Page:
Early maternal stress and health behaviours and offspring expression of psychosis in adolescence

Authors

  • J. Spauwen,

    1. Department of Psychiatry and Neuropsychology, South Limburg Mental Health Research and Teaching Network, EURON, Maastricht University, Maastricht, The Netherlands
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  • L. Krabbendam,

    1. Department of Psychiatry and Neuropsychology, South Limburg Mental Health Research and Teaching Network, EURON, Maastricht University, Maastricht, The Netherlands
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  • R. Lieb,

    1. Max Planck Institute of Psychiatry, Clinical Psychology and Epidemiology Unit, Kraepelinstrasse 2, Munich
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  • H. U. Wittchen,

    1. Max Planck Institute of Psychiatry, Clinical Psychology and Epidemiology Unit, Kraepelinstrasse 2, Munich
    2. Institute of Clinical Psychology and Psychoatherapy, Technical University Dresden, Chemnitzerstr. 46, Dresden, Germany
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  • J. van Os

    1. Department of Psychiatry and Neuropsychology, South Limburg Mental Health Research and Teaching Network, EURON, Maastricht University, Maastricht, The Netherlands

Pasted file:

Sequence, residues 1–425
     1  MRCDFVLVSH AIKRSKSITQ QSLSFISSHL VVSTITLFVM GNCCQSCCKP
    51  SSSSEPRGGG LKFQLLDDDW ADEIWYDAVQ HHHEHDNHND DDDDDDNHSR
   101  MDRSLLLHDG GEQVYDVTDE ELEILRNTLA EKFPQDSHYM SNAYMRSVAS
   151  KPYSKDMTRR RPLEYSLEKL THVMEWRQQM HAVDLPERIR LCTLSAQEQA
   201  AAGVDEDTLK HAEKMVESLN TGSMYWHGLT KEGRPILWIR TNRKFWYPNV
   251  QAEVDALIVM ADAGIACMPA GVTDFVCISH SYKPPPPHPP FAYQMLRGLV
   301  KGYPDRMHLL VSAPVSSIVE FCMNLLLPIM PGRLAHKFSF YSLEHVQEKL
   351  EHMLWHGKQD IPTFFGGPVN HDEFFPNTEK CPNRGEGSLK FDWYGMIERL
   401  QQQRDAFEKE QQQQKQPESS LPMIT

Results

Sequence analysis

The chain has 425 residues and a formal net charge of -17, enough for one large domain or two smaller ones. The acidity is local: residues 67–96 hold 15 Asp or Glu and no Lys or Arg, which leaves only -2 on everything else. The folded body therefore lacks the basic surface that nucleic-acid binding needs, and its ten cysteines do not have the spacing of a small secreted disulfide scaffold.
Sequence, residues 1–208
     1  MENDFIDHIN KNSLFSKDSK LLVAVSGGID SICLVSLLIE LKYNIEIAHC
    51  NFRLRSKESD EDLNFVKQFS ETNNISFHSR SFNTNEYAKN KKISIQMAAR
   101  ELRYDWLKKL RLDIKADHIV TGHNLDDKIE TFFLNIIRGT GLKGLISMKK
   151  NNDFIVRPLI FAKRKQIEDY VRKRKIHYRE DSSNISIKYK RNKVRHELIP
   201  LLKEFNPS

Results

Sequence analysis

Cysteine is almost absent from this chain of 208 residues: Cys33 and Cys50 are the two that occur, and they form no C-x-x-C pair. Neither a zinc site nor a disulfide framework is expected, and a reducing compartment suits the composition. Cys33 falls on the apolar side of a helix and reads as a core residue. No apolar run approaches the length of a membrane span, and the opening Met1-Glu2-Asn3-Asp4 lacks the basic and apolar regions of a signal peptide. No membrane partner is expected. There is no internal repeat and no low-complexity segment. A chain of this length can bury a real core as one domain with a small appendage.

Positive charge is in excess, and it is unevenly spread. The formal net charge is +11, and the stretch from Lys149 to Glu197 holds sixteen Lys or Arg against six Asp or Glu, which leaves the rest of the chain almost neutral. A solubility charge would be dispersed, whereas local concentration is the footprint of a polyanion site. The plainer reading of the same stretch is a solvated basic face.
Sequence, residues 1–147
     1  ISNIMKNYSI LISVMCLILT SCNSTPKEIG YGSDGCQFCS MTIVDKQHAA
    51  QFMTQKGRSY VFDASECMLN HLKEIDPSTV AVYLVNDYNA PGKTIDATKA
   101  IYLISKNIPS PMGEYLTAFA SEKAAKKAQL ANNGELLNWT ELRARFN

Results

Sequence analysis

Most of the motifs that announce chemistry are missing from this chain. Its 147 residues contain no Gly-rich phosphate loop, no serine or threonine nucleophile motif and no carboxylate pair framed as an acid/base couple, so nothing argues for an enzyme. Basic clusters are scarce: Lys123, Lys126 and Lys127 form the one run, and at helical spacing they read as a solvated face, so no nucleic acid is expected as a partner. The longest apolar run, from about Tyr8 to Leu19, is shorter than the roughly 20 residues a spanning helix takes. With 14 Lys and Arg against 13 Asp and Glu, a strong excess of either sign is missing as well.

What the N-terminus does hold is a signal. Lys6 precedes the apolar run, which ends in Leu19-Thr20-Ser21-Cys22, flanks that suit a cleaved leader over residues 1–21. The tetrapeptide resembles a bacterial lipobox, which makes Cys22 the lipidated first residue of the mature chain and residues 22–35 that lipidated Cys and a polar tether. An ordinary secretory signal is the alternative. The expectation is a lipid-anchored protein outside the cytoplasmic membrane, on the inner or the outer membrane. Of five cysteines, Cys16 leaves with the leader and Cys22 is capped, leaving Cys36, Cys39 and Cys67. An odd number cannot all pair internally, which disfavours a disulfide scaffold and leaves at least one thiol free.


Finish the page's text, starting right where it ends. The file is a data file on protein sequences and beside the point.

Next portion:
2. Division of Psychological Medicine, Institute of Psychiatry, De Crespigny Park, Denmark Hill, London, UK
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Jim van Os, Department of Psychiatry and Neuropsychology, Maastricht University, PO Box 616 (DRT 10), 6200 MD Maastricht, The Netherlands.
E-mail: j.vanos@sp.unimaas.nl

Abstract

Objective:  It has been suggested that influences operating early in life may affect the risk of postpubertal psychosis outcomes. This hypothesis was tested using a broad outcome of psychotic symptoms expressed in adolescence (prevalence: 15.6%).

Method:  Findings are based on a longitudinal, population-based cohort study of 963 adolescents aged 15–20 years and their parents in the area of Munich, Germany. Trained psychologists assessed adolescents with the Munich-Composite International Diagnostic Interview. Independently, direct diagnostic interviews were conducted with the parents.

Results:  A range of medical complications of pregnancy and delivery, including lower birth weight, were not associated with the psychosis outcome. However, a number of maternal health behaviours and experiences did show associations, independent of confounders.

Conclusion:  Not maternally reported medical complications of pregnancy and delivery, but maternal prenatal health behaviours predicted expression of psychosis along a continuum in adolescence. This effect may either be direct or constitute a proxy for later postnatal maternal behaviours associated with psychosis risk in the offspring.

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